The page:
False Reports Lead State Senator to Call for Investigation Into 'Furries'

A state senator claimed false reports lead him to express concerns over "furries" being catered to in schools.

Nebraska State Senator Bruce Bostelman, a Republican, took to the state Senate floor on Monday and addressed his concerns that some schools were allegedly providing litter boxes for the use of students that self-identify as cats or dogs, who he referred to as "furries." Bostelman said that such a practice would be "very disruptive to the school system."

"I'm a little shocked," Bostelman said. "It's something called furries. If you don't know what furries are it's where school children dress up as animals—cats or dogs—during the school day. They meow and they bark and they interact with their school, with their teachers in this fashion. And now schools are wanting to put litter boxes in the schools for these children to use. How is this sanitary?"

Bostelman continued with an alleged anecdote about a student who defecated on the floor after their school refused to provide a litter box for them to use.

"What is going on?" he added. "Some kids can't wear an American flag and walk through the school in their shirt. And you keep them out of school?"

Later on Monday, Omaha-based journalist Jon Kipper reported that Bostelman and another Nebraska state senator, Lynne Walz, reached out to the school districts named in the rumors and were "assured none of that happened." School districts across the country subjected to similar rumors have also denied them outright.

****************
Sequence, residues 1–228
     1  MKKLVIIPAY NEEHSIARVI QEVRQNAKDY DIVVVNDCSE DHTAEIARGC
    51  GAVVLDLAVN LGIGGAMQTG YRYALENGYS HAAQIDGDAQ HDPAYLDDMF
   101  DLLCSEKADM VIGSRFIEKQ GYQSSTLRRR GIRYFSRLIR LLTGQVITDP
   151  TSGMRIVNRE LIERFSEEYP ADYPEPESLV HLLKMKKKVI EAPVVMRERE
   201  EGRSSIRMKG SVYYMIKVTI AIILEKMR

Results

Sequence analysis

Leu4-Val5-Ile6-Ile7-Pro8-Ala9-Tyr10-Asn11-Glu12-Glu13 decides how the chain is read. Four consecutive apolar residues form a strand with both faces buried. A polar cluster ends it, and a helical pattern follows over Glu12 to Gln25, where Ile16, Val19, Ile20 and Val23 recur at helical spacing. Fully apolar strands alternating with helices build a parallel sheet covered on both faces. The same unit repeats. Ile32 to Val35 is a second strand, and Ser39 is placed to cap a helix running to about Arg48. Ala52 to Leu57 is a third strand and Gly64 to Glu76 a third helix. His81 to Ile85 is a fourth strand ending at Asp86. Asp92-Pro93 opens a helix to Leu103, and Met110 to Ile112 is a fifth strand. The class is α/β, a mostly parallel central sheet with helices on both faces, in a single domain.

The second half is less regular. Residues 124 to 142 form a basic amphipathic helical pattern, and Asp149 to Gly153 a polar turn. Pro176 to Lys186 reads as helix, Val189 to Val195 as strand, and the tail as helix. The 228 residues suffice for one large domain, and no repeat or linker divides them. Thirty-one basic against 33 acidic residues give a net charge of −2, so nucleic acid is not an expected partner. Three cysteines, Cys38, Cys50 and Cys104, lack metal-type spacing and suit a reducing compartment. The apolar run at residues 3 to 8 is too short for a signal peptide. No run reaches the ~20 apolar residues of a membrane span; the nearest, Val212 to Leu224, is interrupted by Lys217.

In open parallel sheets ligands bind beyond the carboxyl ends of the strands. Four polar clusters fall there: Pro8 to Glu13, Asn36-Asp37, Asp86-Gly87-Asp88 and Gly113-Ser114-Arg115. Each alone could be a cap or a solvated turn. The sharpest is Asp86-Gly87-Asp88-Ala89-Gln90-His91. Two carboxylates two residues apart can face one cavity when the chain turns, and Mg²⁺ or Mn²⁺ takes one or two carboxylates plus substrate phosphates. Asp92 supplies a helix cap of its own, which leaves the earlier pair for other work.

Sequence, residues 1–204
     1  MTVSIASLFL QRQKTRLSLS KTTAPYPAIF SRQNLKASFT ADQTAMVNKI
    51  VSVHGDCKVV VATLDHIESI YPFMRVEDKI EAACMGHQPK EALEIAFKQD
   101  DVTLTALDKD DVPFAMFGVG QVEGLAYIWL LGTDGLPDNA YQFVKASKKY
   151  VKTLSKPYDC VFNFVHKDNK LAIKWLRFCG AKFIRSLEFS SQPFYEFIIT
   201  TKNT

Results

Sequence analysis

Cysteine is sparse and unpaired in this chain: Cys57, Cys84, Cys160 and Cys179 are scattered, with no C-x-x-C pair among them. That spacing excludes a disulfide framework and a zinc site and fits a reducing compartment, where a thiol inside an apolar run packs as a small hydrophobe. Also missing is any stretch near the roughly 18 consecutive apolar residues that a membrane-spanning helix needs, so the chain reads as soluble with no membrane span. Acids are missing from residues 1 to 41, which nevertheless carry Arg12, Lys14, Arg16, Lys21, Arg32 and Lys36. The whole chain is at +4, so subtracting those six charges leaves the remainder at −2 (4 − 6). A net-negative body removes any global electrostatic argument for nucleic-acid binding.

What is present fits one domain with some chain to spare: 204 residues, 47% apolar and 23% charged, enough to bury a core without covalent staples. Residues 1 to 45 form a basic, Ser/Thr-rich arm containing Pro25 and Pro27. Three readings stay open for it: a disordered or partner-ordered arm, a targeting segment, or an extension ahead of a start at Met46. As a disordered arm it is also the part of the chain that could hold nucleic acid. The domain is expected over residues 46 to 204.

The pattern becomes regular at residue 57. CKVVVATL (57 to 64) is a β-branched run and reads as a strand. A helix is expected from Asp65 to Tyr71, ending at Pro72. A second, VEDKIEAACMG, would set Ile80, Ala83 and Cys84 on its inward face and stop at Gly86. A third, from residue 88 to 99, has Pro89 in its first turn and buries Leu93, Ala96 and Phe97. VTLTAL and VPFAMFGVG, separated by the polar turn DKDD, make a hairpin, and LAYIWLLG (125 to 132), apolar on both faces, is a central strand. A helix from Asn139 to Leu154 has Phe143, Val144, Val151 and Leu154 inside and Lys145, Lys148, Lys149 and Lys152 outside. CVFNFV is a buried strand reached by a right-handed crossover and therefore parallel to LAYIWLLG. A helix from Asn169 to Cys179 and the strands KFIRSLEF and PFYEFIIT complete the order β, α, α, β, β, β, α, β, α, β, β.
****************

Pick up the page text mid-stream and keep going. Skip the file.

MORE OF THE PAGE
bruce bostleman nebraska furries
State Sen. Bruce Bostleman of Nebraska expressed concerns after hearing false reports of school providing litter boxes to students who identify as cats or dogs. The above stock photo shows a dog and a cat interacting. Win McNamee/Getty Images

"It shows how easy is it for lawmakers to believe this stuff, when they, above most people, have the power to get school leaders on the phone & check," Kipper wrote in a tweet.

In light of the story turning out to be false, Bostelman issued an apology.

"It was just something I felt that if this really was happening, we needed to address it and address it quickly," he said.

A false YouTube video from December spread similar rumors around the Midland Public School District in Michigan. Superintendent Michael Sharrow, in response, issued a strongly worded denial in an email to parents.

"Let me be clear...there is no truth whatsoever to this false statement/accusation! There have never been litter boxes within MPS schools," Sharrow wrote. "It is such a source of disappointment that I felt the necessity to communicate this message to you."

Newsweek reached out to Bostelman's office for comment.